Productivity of alley farming with leucaena (Leucaena leucocephala Lam. de Wit) and Napier grass (Pennisetum purpureum K. Schum) in coastal lowland Kenya
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Agroforestry Systems;31(1): 59-78
Permanent link to cite or share this item: http://hdl.handle.net/10568/28141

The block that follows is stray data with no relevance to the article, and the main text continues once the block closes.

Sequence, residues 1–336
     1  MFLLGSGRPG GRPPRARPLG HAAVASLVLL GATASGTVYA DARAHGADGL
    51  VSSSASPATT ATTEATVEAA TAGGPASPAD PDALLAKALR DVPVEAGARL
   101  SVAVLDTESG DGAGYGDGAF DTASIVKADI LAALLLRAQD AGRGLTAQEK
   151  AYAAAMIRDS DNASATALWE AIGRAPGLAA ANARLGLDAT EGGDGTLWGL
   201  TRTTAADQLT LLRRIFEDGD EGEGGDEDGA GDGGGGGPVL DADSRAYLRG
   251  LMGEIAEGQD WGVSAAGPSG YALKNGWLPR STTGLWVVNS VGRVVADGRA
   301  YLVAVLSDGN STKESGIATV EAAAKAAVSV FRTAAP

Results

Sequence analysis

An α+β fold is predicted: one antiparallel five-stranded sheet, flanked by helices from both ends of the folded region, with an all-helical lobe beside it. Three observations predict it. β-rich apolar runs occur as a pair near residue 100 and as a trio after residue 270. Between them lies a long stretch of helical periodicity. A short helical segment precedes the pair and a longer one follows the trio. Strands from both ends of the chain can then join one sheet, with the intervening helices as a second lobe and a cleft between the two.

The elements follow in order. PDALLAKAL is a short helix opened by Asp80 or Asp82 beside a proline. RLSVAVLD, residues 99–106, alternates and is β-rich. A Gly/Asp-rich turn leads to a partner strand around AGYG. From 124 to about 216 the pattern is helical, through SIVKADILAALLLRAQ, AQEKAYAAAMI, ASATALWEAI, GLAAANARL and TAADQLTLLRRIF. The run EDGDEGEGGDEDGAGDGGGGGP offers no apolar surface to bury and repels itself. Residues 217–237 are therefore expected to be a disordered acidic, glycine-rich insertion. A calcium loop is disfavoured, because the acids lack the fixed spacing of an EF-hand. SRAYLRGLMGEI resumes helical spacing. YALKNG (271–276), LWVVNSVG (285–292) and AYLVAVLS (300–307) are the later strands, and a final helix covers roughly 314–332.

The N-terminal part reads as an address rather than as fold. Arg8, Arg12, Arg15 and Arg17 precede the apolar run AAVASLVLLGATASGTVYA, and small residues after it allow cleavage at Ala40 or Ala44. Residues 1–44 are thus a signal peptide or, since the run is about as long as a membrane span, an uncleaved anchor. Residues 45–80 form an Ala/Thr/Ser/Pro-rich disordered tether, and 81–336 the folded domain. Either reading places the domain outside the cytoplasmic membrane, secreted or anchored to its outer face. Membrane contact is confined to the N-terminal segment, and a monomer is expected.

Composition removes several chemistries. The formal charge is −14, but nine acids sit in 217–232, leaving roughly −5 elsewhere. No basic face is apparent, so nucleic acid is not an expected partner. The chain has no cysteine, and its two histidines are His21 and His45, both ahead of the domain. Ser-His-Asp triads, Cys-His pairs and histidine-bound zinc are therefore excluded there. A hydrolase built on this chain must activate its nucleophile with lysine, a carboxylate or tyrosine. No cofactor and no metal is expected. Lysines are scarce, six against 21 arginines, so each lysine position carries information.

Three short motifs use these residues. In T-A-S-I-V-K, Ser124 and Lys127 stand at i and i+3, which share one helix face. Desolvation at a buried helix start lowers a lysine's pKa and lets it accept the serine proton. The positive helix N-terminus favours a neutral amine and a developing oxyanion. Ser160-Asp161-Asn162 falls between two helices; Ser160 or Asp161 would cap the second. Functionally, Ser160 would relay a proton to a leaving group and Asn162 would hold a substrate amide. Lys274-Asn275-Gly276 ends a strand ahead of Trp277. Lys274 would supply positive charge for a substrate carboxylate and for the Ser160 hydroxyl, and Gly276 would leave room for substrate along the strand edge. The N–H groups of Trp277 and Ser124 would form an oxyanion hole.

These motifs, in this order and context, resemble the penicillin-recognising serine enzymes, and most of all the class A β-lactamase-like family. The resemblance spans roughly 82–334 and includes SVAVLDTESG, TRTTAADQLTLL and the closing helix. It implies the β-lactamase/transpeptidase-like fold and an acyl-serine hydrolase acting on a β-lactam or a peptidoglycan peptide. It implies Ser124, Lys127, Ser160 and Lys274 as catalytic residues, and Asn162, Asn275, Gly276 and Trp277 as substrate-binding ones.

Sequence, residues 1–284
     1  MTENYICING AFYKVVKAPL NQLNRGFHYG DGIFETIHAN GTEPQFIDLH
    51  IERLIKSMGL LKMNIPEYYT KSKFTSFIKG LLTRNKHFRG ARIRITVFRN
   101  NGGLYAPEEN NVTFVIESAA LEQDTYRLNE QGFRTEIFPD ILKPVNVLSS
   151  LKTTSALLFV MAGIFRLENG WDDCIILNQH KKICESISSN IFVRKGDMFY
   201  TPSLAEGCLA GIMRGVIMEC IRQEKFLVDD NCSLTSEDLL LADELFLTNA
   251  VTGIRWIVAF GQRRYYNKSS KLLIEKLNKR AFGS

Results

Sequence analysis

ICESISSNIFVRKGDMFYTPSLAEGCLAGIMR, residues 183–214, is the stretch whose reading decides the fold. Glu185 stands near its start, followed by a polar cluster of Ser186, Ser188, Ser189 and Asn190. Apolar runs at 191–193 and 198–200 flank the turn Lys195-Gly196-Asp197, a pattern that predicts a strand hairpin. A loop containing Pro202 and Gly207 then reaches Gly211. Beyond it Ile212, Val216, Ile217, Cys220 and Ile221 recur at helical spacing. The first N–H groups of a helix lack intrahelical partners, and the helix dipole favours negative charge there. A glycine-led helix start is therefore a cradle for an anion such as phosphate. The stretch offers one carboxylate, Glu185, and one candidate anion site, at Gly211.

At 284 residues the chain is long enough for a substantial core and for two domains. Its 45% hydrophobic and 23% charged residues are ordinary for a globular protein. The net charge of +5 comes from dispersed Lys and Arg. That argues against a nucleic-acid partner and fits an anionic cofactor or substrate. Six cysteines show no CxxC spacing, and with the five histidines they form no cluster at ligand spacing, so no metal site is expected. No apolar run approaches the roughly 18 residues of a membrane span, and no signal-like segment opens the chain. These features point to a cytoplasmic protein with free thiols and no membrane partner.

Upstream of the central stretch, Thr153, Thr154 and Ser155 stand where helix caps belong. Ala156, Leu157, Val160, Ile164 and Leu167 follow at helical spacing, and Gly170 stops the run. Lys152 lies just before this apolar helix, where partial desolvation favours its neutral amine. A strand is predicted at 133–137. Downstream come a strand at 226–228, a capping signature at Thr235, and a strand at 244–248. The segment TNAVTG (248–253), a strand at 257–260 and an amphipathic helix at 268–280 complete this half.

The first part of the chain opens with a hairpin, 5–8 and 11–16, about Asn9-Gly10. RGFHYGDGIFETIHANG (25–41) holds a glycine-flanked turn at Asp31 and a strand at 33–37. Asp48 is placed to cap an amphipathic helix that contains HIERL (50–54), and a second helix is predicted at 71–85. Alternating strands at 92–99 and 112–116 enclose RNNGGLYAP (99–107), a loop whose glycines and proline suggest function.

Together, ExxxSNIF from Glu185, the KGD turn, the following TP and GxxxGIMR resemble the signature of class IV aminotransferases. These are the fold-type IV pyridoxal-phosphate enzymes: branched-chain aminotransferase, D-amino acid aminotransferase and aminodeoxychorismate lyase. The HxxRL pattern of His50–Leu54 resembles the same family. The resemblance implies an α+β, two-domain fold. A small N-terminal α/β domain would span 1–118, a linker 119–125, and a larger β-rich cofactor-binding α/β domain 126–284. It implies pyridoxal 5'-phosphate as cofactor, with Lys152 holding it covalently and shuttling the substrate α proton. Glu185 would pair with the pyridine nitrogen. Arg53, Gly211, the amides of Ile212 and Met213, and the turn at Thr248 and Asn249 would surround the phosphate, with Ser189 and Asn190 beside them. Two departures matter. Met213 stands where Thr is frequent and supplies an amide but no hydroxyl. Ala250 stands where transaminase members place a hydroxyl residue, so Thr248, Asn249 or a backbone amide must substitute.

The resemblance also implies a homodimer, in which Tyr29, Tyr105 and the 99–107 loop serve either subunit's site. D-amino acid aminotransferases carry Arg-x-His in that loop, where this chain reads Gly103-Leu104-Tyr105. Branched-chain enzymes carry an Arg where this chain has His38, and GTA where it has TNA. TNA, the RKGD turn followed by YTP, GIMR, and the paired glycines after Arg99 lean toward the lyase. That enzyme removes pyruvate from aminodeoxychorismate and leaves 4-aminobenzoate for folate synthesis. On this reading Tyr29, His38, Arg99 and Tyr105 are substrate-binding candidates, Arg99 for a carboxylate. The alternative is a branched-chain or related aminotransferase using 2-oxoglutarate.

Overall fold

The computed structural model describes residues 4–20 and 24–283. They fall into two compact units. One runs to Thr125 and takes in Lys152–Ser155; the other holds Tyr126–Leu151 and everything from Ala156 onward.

Inadequate supply of fodder is a serious constraint to the potentially-promising smallholder-dairy production system in coastal Kenya. Alley farming could be an approach to addressing this problem. A study of forage production based on Napier grass and leucaena in an alley cropping system was conducted on an infertile sandy soil in lowland coastal Kenya. The effects of Leucaena hedgerows, Clitoria ternatea (L.) intercropping, addition of slurry and two harvesting managements (severe and lenient) on the yield of Napier grass fodder, were assessed. The study was initiated in 1989 and three years results are reported. Napier grass fodder yields did not decline in the presence of leucaena hedgerows in most harvests. Generally, the Napier rows adjacent to the hedgerows gave greater yields than in either the centre or sole Napier rows. Interplanting clitoria between Napier rows had a beneficial effect on Napier yields in the later harvests. Compared with sole Napier, the hedgerow treatment receiving slurry increased yield of Napier by 50 percent, of total forage by 80 percent, and of nitrogen by 200 percent. During the first two years of cropping most treatments did not affect the OM and nitrogen content of the soil but by the end of the third cropping year, slurry application increased soil OM by 21 percent and slurry and clitoria treatments each increased soil nitrogen by 33 percent. The study demonstrated the increase in the supply and quality of forages for dairy cattle that can be achieved by planting complementary forages, legume and grass species in an intercropping system like alley farming and the benefits to soil composition by the return of slurry.